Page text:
This is a picture of the finish line of the New York Marathon. I took it yesterday afternoon. Like many other runners, I did my last training run in Central Park, and when it was over I walked up to the finish and stood there, imagining that moment on Sunday afternoon when my legs will finally stop moving.
I took pretty much the same photo two years ago, when I ran New York for the first time. (Runners love their rituals.) Back in 2017 I felt lucky to be there at all. My training had been badly disrupted by injury, and up until three weeks before the race I did not think that I would be able to participate at all. All that uncertainty (and inadequate training) meant that all I wanted to do was finish. Which I duly did.
This time around, my preparations have gone more smoothly. Training has been hard, but steady. I’ve put in the hours and the miles. And, this year, I have a goal: to finish in under four hours, which is more than 30 minutes quicker than in 2017. I’ve been feeling nervous about it – running marathons is way more fun when you’re not worrying about time and glancing compulsively at your watch.
The thing about goals is that sometimes you miss them.
Because here’s the thing: yesterday’s run in Central Park did not go well. Right now my legs feel stiff and heavy. My knees are sore. My left foot is aching, just a little. As I write this, on Saturday evening, I am full of apprehension. The idea of running 26.2 miles seems impossible. I worry that my body is desperately signaling that all this is a very bad idea.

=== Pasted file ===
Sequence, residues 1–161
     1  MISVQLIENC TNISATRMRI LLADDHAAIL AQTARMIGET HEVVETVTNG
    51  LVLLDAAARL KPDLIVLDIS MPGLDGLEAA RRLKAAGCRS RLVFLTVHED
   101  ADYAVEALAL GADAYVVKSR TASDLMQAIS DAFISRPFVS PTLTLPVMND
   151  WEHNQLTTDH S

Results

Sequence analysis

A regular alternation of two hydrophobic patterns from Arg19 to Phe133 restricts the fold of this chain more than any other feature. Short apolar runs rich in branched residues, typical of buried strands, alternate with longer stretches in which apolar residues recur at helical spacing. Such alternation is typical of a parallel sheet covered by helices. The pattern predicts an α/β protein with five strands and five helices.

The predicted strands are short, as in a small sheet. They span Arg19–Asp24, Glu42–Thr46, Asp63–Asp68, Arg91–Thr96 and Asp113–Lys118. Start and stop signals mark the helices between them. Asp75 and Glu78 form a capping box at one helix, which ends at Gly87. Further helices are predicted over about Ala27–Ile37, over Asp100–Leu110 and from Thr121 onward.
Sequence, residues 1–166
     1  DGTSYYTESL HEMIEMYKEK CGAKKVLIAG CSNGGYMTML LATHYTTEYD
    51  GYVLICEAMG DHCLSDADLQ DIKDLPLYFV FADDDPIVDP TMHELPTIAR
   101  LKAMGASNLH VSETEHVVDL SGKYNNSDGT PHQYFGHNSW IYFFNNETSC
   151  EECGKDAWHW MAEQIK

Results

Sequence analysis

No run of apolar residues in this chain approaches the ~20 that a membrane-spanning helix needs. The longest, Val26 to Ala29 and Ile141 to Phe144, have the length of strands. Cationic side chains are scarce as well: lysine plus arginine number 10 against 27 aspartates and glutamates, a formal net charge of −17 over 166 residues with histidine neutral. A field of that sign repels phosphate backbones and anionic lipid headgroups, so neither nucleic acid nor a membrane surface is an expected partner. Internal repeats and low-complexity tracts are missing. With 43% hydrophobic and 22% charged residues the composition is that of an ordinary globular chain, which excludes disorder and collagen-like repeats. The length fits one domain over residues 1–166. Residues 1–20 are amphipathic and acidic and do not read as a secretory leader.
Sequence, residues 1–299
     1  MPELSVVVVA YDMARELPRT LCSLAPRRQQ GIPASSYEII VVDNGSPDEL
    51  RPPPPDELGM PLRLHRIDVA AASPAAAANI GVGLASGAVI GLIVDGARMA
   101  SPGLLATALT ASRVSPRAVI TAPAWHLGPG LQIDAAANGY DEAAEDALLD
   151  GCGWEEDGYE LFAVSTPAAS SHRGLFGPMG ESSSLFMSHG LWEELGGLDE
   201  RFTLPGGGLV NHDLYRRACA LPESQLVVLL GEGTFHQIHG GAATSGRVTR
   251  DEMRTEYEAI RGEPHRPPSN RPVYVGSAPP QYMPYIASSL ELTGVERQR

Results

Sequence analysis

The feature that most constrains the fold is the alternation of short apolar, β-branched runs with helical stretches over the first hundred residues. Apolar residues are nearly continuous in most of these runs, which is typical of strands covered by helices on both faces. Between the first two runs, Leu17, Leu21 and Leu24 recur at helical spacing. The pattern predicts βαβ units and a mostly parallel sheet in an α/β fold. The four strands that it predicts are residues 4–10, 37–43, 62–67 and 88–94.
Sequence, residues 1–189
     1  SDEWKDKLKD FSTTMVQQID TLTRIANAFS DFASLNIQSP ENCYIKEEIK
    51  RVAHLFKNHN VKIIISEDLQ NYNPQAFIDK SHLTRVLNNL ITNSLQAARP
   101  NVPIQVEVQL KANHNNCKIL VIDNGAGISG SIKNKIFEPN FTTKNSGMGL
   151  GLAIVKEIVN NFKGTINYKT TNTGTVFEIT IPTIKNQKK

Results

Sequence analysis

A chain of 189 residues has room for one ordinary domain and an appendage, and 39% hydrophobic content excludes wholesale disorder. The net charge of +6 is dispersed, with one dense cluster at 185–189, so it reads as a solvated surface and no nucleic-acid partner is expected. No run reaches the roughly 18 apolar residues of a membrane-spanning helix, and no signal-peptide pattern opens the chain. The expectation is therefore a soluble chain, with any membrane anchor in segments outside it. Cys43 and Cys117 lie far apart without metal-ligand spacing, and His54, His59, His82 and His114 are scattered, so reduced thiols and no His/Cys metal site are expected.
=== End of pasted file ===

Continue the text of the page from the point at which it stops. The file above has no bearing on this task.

I don’t know what will happen tomorrow. Rather like writing a novel, running a marathon is, at the beginning, an act of faith. Nobody, not even the most experienced runners, knows for sure how things are going to pan out. Whether it’s adrenaline, or something more mystical, unforeseen factors can come into play – “race day magic”, my friend Pat calls it. For example: two years ago, at Mile 21, I was prancing down Fifth Avenue like a young gazelle in springtime.
Of course, the only way to find out how this particular story ends is to take the first step. So I will get up tomorrow morning and I will catch the ferry to Staten Island. And I will give thanks every inch of the way, no matter what happens. There’s so much to be thankful for. I’m grateful for both my friends looking out for me, and the two million strangers who just like to cheer everyone on. (To say nothing of my wonderful wife, who is going to see me at three different points during the race.) I’m grateful for my fellow runners, all 50,000 of them. I’m grateful that the weather should be perfect. Most of all, I’m grateful that I am healthy enough even to contemplate doing this thing. Yes, I’m scared. But Good Lord, it’s the New York Marathon! I’m going to run my heart out, and see what happens.
The thing about goals is that sometimes they don’t matter.